Castelli October Feature – Celebrating the life and work of Dylan Thomas
Dylan Marlais Thomas
99th Anniversary of his birth
Dylan Marlais Thomas was born on October 27, 1914 in one of the more affluent areas of Swansea, Wales. Although writing exclusively in English, Thomas has been acknowledged as one of the most important Welsh poets of the 20th century. His poetry is notable for its musical rhythm and use of ingenius words and imagery. He himself, once confided that the poems which had most influenced him were Mother Goose rhymes which his parents taught him when he was a child.
During his lifetime he wrote many great poems, including ‘Fern Hill’, ‘The hunchback in the park’ and ‘Do not go gentle into that good night’, that was dedicated to his father. In addition to poetry, he wrote short stories and scripts for film and radio, which he often performed himself, including the critically acclaimed “Under Milk Wood” and the collection of stories, “Portrait of the Artist as a Young Dog”.
Leaving school at 16, he began keeping poetry notebooks and amassed 200 poems in four such journals between 1930 and 1934. He started working life as a journalist for the South West Daily Post, and moved to London in 1934. It was whilst living in London that Thomas met Caitlin Macnamara, a dancer, whom he would marry in 1937 a relationship that would be defined by alcoholism.Moving back to Laugharne in Wales the first of three children, Llewelyn Edouard was born in 1939.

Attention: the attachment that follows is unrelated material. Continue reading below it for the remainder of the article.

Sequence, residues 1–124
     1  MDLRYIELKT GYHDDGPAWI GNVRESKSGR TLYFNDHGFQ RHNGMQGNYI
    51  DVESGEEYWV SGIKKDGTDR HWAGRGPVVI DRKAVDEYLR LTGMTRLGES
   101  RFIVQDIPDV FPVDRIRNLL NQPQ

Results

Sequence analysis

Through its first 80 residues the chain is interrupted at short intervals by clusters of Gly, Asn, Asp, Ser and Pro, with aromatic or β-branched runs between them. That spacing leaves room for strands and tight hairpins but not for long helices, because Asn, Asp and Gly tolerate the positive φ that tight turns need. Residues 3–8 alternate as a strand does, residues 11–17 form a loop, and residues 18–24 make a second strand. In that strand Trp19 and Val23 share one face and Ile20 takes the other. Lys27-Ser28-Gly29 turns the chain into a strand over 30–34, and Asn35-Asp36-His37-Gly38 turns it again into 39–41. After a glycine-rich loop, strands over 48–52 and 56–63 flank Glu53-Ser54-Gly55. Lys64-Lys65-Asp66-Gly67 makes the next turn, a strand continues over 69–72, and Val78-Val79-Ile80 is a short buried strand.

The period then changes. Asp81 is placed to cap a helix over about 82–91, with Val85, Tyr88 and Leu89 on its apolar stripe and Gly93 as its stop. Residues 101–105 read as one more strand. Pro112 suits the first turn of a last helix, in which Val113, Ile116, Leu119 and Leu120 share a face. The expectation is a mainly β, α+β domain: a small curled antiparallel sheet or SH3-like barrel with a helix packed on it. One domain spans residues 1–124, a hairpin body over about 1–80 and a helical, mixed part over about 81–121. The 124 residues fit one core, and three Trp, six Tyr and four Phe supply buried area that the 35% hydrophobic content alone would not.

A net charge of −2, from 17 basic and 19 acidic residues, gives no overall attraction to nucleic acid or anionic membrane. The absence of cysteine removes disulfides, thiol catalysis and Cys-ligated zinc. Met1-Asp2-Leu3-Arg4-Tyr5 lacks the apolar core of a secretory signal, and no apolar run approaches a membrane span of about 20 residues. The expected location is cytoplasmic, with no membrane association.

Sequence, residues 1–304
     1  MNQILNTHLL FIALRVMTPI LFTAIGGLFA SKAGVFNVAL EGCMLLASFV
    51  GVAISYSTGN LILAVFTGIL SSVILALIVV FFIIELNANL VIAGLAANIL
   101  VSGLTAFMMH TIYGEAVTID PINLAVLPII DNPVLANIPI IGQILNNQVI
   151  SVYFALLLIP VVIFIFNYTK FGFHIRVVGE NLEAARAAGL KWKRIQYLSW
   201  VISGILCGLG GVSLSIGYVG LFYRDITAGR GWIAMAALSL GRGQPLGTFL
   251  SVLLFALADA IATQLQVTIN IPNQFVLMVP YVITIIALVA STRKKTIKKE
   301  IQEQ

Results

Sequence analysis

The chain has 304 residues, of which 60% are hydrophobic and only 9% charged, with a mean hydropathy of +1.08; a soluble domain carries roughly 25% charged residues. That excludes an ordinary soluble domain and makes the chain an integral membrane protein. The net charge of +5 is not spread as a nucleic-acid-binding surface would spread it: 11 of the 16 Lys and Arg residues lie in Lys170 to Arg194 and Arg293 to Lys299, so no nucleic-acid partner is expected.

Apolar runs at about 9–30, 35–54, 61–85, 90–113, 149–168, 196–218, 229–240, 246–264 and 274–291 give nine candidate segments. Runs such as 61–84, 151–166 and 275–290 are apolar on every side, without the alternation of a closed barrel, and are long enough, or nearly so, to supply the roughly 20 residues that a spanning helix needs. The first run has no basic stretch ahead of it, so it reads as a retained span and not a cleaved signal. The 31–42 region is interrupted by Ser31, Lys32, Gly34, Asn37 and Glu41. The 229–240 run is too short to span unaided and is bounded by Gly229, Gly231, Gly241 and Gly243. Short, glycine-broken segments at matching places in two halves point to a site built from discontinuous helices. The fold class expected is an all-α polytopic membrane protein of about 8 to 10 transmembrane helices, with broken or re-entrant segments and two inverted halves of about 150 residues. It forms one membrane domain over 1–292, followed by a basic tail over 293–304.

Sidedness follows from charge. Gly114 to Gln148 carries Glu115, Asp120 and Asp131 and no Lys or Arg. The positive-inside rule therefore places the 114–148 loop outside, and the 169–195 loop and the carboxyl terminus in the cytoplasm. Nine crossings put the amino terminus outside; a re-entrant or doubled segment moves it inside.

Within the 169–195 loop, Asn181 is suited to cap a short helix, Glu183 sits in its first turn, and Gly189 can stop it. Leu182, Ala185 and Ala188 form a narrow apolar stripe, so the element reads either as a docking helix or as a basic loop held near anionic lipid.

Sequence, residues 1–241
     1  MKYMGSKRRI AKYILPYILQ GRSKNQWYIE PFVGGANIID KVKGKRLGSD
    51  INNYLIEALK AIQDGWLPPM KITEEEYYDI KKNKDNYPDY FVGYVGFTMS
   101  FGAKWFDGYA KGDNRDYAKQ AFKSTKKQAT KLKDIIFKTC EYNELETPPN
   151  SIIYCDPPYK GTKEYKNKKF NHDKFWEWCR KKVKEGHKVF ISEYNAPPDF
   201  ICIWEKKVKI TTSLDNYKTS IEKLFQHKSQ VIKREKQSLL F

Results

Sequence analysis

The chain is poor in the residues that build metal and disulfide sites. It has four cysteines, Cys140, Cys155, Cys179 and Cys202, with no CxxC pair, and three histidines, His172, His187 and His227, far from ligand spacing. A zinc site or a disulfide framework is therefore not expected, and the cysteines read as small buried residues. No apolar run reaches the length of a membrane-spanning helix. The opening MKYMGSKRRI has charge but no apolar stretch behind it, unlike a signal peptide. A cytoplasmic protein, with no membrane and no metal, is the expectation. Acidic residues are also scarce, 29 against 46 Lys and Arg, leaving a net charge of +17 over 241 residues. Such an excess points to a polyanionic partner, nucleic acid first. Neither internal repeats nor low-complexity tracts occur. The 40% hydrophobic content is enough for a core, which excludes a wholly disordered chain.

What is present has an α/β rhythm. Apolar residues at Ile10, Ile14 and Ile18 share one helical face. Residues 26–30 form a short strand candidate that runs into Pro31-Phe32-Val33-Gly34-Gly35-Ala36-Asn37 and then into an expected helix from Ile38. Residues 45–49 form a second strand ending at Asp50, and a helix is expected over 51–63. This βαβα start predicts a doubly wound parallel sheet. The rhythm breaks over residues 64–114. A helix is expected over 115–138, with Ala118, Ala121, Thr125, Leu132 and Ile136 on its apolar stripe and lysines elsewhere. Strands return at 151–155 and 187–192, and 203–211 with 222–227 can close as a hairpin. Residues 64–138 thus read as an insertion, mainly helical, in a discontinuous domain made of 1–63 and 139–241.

Thomas found earning a living as a writer difficult, and began to support his income with reading tours and broadcasts, writingscripts for the BBC. His radio recordings for the BBC during the latter half of the 1940s brought him a level of celebrity.
With the outset of the Second World War and to avoid conscription he consistently referred back to childhood problems of asthma and bronchitus, coughing would sometimes confine him to bed and he had history of bringing up blood and mucus.
Following the bombing of Swansea by the German Luftwaffe in February 1941, Thomas and Caitlin moved to London, leaving their son with his grandmother, hoping to find employment in the film industry, something he achieved by scripting at least five films during 1942.
With the threat of German flying bombs on London during 1944 Thomas moved the family back to Wales which inspired him to resume writing poetry in notebooks. Thomas remained a popular guest on radio talk shows for the BBC, making over 200 broadcasts, but his heavy drinking was always considered a problem with the management team.
During the 1950’s Thomas was invited to New York to tour arts centres and campuses within the States, these proved successful and were repeated many times. However, during his forth trip in 1953, he would drink heavily, resulting in serious health issues, suffering with gout and lung problems. Thomas became gravely ill and fell into a coma from which he did not recover. Thomas died on 9th November 1953 and his body was returned to Wales where he is buried at the village churchyard in Laugharne.